Even some of the drugs showing early promise and that are fast-tracked for approval by the FDA end up failing.

Meanwhile, there is an ever-growing tsunami of information, with results from clinical trials constantly posted in press releases and on websites, where the slightest indication of hope takes on a new meaning in the hands of the desperately ill. There is little doubt among experts that, as the flow of information expands, so will requests for compassionate use.

Until now, the industry dealt with this challenge in an ad hoc, haphazard way that has left many patients feeling confused and ignored. Some companies have compassionate use programs but don’t advertise them; others don’t have the programs at all and do not intend to. There isn’t a directory where patients can easily find this type of information — it’s not something companies systematically put on their websites.

Increasing transparency would be a major step forward in making the process more patient-friendly. The 21st Century Cures Act, overwhelmingly passed by the US House on July 10, has a provision that would require manufacturers to make publicly available their policies on compassionate use, including the posting of contact information for patients desiring to make requests.

For Henri Termeer, the former Genzyme CEO, transparency is the only way to deal with this growing challenge. “We create the dilemma by making something available that is enormously desirable. So we need to give guidance, the best possible guidance we can give, to clarify how this works.”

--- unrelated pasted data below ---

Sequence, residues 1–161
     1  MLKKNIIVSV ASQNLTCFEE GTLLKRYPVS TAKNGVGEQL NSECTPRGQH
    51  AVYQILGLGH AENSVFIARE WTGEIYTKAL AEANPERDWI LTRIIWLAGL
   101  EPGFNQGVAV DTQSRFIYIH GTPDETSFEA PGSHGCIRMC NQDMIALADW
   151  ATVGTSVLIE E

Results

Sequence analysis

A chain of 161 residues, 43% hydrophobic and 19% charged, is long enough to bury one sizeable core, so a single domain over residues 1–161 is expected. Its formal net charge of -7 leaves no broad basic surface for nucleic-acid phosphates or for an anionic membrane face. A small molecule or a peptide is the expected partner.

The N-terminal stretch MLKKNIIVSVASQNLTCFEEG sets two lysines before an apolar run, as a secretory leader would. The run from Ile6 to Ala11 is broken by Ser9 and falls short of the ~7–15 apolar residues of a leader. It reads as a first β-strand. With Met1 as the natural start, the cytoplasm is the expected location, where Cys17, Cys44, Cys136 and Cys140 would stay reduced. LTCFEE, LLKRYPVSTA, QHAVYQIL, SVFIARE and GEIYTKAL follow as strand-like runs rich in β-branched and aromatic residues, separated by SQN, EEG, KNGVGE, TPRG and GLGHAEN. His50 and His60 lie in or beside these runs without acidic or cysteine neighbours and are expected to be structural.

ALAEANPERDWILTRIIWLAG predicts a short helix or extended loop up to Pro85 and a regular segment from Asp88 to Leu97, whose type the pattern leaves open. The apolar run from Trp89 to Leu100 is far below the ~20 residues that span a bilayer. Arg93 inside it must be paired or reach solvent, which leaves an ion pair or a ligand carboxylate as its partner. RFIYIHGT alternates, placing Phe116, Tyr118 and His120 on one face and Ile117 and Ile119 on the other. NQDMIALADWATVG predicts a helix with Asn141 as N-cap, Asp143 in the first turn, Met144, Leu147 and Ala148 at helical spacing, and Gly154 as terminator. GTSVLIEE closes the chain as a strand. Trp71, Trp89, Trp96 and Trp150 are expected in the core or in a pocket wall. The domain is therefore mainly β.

There are reasons companies are reluctant to adopt compassionate use programs. They can cost millions to establish. While the programs’ intentions are noble, a dollar spent underwriting the compassionate use of a drug is a dollar diverted from developing the drug for future patients — a choice favoring one individual over others.

Companies also assume significant risks, many of which the public is unaware of, with expanded access programs. The FDA wants to be informed of all serious side effects thought to be linked to a drug provided via compassionate use. On the other hand, any hints that the drug works are not taken into account during review.

This makes sense, since efficacy needs to be measured carefully in clinical trials. Still, it’s hard to imagine any other industry where a manufacturer is willing (or pressured) to release a prototype in an uncontrolled setting, knowing that its regulators are closely watching for instances where that product causes harm.

If major side effects surface via compassionate use, it’s much harder to understand why the side effects occurred, since these patients tend to be much sicker. And this can mean trouble with the FDA.

That’s what happened last year to Los Angeles-based oncology drug company CytRx Corp. after the death of a patient who had obtained the company’s cancer drug via compassionate use. The FDA ordered all of the company’s clinical trials of the drug to be stopped. The hold, which only meant new patients could not be enrolled, lasted two months.